What preposition is correct or more accepted when telling someone that if he will bring me a reference for his things then I will be thankful?

"I will be thankful TO you"


"I will be thankful FOR you"


In the first place, I would use grateful instead of thankful there, but the latter works too.

I will be grateful/thankful to you.

This means you will be thanking the person for favors shown. This is probably what you want to express.

I will be grateful/thankful for you.

This means you will direct your reverence and gratitude toward some third party or agent that brought into this world the person who is doing you the favor. It's unlikely that this is what you want to say.

  • Thank you for your answer. I would like to understand how in the second sentence that you wrote, the meaning is about 3rd person while in this sentence there is no mention for such person (3rd) but only 2nd person. – Judicious Allure Dec 6 '16 at 23:16
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    If you're thankful for something, you're just happy that it is there and doing what it's doing (or did). You're not thanking that thing (or person) itself. Bottom line: use to if you wish to thank the person directly. – Robusto Dec 6 '16 at 23:19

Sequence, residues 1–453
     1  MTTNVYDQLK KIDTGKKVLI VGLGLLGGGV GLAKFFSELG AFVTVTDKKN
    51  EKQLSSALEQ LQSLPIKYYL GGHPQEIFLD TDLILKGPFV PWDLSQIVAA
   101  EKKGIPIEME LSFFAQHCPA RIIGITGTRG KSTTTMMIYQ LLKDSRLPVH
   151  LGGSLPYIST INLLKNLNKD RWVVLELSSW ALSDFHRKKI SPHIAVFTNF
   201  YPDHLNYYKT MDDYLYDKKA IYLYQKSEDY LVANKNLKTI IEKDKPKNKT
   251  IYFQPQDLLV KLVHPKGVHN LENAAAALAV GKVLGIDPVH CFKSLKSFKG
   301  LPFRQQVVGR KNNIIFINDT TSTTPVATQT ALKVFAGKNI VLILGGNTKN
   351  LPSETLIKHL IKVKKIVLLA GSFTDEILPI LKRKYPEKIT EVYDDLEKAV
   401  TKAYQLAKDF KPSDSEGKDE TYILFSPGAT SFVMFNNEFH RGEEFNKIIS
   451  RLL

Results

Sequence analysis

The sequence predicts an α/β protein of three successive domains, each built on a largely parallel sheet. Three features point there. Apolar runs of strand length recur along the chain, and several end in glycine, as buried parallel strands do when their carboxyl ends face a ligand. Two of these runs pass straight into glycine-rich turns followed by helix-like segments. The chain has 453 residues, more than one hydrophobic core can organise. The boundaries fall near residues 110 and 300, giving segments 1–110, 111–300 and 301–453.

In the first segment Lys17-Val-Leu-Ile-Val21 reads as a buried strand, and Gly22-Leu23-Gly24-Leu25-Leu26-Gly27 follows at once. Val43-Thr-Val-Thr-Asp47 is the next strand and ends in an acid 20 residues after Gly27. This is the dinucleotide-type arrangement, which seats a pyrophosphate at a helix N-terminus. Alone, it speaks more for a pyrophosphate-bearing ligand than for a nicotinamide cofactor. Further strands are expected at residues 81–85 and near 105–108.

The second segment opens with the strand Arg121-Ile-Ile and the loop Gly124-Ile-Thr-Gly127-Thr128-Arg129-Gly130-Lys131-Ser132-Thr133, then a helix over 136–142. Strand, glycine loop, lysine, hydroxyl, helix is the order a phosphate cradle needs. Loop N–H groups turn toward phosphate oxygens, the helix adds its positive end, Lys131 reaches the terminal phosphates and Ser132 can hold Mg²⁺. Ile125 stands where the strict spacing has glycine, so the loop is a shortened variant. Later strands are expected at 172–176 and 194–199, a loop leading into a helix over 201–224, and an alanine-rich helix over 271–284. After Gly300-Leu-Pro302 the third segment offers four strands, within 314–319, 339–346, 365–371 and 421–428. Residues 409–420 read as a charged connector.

You are thankful to somebody, but you are thankful for something.

So the second sentence is not grammatical.

You can also use the more common grateful instead of thankful as follows:

I'll be grateful (to you) if you bring.........

To be more polite, you can say:

"I would be grateful (to you) if you could bring........."

Furthermore, the use of the verb appreciate is more common than that of the adjective grateful:

I would appreciate it if you could bring.........

  • The second sentence is not ungrammatical. It's perfectly grammatical. It just doesn't mean what the OP wants to say. – Robusto Jan 12 '19 at 13:28

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